It can sometimes seem rather odd when certain companies decide to merge, however there is one common goal with all mergers and acquisitions and that is to create an alliance that increases the value of the unified companies in a way that neither company could do on their own. The success of the merger or acquisition in question depends on well these two entities work together. By merging, the companies hope to create a synergy that can improve their revenue and help save costs. A company may wish to merge or acquire to simply reap the benefits that come with growth or they may wish to pre-empt the competition.  However, this synergy may only exist inside those fuelling the merger or acquisition. If there’s no enhanced value, the company executives, CEO or investment bankers may create a false image that there is. Eventually the market will see through this and will reprimand the company by assigning it a discounted share price.

Since the late 2000s, mergers and acquisitions have been constant in the financial industry. This is because many companies were unable to survive as they were after the financial crisis of 2007-2008 and were acquired by competitors. There are industries that are prone to this sort of activity, such as healthcare and technology. Healthcare is such a vast field and many small or new businesses find that they are unable to find their feet within the rapidly changing landscape or they lack the financial capital to keep ahead of changes. Technology is another enormous, fast paced and highly competitive industry that sees many smaller companies team up with industry heavy hitters as it's easier than competing and there are large amounts of money being received.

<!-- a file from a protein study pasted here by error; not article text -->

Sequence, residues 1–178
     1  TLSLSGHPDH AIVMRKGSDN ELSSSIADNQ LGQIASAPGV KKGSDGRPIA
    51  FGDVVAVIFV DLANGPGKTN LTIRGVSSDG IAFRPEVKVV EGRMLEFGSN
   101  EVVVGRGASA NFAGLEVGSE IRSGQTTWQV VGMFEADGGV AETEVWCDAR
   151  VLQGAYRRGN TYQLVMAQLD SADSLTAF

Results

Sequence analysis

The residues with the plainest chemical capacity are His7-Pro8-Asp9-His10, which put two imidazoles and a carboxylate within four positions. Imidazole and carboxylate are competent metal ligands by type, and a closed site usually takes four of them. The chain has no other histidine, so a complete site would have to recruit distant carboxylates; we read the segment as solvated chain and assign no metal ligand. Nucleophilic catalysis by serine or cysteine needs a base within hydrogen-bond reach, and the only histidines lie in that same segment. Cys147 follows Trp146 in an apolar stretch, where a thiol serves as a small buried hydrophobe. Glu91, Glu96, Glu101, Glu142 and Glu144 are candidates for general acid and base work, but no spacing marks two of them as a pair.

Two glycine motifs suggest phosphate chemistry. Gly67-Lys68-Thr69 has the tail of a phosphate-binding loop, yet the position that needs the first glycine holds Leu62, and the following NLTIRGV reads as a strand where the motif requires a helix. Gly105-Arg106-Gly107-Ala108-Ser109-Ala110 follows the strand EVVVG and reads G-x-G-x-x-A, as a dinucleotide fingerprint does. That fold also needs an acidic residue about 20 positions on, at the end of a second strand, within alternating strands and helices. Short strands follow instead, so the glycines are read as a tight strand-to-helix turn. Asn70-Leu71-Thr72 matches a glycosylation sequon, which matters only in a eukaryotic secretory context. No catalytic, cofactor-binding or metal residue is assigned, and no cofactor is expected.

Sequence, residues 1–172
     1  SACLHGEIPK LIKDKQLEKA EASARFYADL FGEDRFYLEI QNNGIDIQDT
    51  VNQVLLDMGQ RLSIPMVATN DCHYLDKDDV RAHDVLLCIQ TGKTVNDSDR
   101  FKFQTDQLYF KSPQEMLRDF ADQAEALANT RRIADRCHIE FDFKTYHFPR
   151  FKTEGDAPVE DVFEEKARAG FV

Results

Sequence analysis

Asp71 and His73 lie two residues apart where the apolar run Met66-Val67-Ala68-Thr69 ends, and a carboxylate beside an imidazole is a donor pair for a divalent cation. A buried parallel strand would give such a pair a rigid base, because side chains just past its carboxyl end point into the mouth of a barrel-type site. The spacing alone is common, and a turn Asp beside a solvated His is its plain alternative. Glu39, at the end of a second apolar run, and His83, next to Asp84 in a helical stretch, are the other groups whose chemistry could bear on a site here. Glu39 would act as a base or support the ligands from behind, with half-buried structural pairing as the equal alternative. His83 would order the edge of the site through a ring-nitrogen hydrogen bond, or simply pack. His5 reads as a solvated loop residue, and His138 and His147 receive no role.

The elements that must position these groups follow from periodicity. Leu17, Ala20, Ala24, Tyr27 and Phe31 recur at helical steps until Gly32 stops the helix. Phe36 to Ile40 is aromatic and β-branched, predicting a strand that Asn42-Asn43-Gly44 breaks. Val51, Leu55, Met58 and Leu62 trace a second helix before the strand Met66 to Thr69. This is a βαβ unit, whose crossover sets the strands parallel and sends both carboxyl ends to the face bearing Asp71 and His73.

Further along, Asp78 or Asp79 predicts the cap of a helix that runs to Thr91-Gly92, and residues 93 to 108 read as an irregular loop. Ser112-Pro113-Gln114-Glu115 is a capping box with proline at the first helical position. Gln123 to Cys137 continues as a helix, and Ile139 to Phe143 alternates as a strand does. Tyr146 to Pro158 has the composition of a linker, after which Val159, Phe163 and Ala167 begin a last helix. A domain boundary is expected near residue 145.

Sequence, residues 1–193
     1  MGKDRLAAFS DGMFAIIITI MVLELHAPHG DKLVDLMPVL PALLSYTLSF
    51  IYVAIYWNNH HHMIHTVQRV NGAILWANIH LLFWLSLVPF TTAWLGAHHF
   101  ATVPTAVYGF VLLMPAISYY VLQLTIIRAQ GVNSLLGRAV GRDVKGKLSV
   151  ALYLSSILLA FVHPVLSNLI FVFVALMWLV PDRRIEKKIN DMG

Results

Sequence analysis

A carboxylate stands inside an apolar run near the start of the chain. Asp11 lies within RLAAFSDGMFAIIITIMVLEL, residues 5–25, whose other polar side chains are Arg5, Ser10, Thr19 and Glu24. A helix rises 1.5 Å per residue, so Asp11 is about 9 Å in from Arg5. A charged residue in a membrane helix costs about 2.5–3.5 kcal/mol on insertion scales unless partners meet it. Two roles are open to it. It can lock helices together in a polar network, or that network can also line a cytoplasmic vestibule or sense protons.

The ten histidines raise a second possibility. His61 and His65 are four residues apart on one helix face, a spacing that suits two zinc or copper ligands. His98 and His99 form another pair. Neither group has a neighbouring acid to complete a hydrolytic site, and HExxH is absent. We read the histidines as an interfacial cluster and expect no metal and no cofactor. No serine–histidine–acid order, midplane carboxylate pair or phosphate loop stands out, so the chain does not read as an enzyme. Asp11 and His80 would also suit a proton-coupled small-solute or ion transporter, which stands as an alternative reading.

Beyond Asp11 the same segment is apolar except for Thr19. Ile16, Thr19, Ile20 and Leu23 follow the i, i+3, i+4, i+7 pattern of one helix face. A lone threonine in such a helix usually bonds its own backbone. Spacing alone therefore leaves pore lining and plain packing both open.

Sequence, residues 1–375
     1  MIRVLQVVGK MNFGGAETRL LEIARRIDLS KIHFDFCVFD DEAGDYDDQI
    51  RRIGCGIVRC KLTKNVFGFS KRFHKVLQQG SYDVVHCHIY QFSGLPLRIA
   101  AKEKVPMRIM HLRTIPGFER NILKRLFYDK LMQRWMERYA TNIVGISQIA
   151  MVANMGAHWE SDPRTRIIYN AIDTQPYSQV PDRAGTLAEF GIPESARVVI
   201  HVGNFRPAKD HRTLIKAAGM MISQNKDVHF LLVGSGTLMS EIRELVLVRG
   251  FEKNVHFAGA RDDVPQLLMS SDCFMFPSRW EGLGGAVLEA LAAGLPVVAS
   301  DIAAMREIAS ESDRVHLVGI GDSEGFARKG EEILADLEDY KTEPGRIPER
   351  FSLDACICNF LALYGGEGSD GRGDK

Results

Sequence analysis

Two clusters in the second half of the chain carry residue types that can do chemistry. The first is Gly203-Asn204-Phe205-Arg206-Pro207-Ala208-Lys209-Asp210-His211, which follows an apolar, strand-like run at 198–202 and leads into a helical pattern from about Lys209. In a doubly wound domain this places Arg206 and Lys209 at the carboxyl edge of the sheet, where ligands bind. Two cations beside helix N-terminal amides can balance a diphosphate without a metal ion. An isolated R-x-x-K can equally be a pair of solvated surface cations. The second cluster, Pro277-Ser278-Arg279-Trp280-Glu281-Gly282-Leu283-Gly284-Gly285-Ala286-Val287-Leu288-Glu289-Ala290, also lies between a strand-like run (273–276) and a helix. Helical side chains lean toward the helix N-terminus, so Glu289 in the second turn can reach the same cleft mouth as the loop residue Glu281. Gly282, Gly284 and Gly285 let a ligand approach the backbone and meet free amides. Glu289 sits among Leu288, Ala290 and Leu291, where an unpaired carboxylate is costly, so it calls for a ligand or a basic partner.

Find out more about mergers and acquisitions...

Our glossary has a lot more information on different sorts of mergers and acquisitions and the stock market in general, for example the public stock market and different aspects of strategic management. If you want to really get into the depths of this subject, then Robert F. Bruners’ highly regarded book “Applied Mergers and Acquisitions” is worth taking a look at.